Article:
By DARLA MCCAMMON
Lakeland Art Association
Although the group of seven stayed limited to that number, there were about four other artists who moved in and out of the group while maintaining a steady membership at seven. One of those who associated with the group for a short time was Canadian landscape artist Frank H. Johnston. By now you have noticed some similarities in style and technique and even subject matter chosen by those within this group. Those similarities drew other artists such as Johnston.
Born in 1888 in Toronto we take up Johnston’s life as a teenager. He was sent to Germany at age 16 where he studied art abroad for about three years. Increasing his art abilities, he, like many of the remaining artists in this cadre, returned to Toronto after this schooling and found himself employed at Grip Limited as a commercial artist. While there he became acquainted with members MacDonald, Thomson, Lismer, and later Carmichael who became employed with this company where we find the nucleus and original members of the Group of Seven.
Meantime another very large group of men in Toronto had formed the Arts Letters Club which was a place designed for a broader spectrum of the arts. Johnston met Harris another Group of Seven artist within this group where conversations abounded around literature, architecture, acting, painting, music, and sculpture. With such a large variety of creative interests, this club grew to about one hundred members.
When he was only 22 years old, Johnston decided to further his studies of art in the United States and thus attended the Pennsylvania Academy of Fine Arts. He obtained work in the United States to help support his schooling and expenses. He was offered many jobs in commercial design which he completed successfully, but his heart was in landscape painting. He returned to Toronto and exhibited with the Group of Seven’s first exhibition in 1920, then went on to become principal at the Winnipeg School of Art, but he maintained his friendship with members of the Group of Seven.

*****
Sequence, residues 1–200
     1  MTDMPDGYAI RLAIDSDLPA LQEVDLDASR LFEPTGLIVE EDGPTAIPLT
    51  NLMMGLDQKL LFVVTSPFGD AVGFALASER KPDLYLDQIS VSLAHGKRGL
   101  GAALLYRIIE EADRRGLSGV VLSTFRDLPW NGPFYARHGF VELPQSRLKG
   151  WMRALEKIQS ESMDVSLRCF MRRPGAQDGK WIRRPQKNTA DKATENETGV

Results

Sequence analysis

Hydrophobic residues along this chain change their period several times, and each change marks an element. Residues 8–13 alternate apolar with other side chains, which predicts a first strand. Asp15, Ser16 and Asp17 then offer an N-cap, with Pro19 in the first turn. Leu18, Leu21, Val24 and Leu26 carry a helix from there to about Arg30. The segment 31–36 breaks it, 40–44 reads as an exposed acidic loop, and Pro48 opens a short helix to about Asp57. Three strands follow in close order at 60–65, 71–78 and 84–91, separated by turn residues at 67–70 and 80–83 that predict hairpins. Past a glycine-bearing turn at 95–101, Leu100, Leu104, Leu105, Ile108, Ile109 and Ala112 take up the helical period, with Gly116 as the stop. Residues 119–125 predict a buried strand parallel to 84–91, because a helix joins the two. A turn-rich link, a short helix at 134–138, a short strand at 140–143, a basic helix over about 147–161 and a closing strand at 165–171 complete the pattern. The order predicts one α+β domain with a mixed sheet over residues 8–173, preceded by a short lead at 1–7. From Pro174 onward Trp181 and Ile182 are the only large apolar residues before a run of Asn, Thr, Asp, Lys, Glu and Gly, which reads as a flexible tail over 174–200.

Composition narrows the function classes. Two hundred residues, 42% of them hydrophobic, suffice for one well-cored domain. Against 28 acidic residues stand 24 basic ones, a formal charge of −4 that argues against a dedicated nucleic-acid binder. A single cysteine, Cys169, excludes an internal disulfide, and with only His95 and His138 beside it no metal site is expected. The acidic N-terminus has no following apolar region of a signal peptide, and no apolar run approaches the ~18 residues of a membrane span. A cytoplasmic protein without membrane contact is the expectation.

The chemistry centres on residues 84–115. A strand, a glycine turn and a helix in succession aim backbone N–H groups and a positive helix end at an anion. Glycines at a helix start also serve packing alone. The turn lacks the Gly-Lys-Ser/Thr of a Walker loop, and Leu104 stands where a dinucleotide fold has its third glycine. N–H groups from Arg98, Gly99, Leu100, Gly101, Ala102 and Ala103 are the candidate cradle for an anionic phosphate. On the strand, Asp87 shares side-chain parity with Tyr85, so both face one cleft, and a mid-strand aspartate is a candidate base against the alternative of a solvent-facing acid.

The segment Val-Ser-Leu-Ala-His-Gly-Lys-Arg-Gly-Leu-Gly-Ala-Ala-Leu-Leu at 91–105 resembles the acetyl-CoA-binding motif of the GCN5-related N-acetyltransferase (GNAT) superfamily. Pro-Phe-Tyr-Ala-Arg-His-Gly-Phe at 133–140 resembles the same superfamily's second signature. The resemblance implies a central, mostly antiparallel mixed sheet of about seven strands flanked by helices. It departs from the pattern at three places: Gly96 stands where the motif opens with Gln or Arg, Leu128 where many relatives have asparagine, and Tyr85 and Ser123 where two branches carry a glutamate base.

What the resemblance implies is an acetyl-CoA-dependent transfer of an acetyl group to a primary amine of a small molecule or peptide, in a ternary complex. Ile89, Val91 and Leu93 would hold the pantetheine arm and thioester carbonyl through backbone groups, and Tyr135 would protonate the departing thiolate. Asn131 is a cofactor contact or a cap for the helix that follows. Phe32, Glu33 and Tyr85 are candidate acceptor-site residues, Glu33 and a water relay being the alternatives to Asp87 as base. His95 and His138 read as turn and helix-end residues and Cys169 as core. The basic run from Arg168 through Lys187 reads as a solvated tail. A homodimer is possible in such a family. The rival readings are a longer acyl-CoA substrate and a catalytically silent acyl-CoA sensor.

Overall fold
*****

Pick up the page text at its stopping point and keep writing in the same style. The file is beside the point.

Johnston’s work evolved into stronger realism while others in the Group of Seven shifted into more abstract. Johnston became intrigued with the effects he could create with the impact of light on his work—especially the effect on snow. He took many trips with the Group of Seven as they explored territories north of Lake Superior. Johnston’s work was also differentiated by his use of tempera and he grew quite proficient in this medium. Johnston changed his first name to Franz in 1927 and became one of the most prolific artists of his time. He remained friends with The Group of Seven, but due to the quantity and quality of his work, he separated and exhibited in shows where his was the only work. He was made a member of the Royal Canadian Academy of Arts before he passed away in Toronto in 1949.
Upcoming and Current Events:
- Andy Corp and Brenda Stichter, two local favorites, are on view at Lakeland Art Gallery this month. Lakeland is open 11:30 a.m. to 4:30 p.m. Wednesday through Saturday. Located at 302 E. Winona Avenue in Warsaw. Please go view the work of these two very talented artists. There is never a charge for LAA exhibits.
- Coming Sept. 1 at Mount Memorial on Grace College Campus “Iris” exhibit. Open through Oct. 7.
- Coming Sept. 6 at Lakeland Art Association, Exhibit by Paul Raimen and James Miller.
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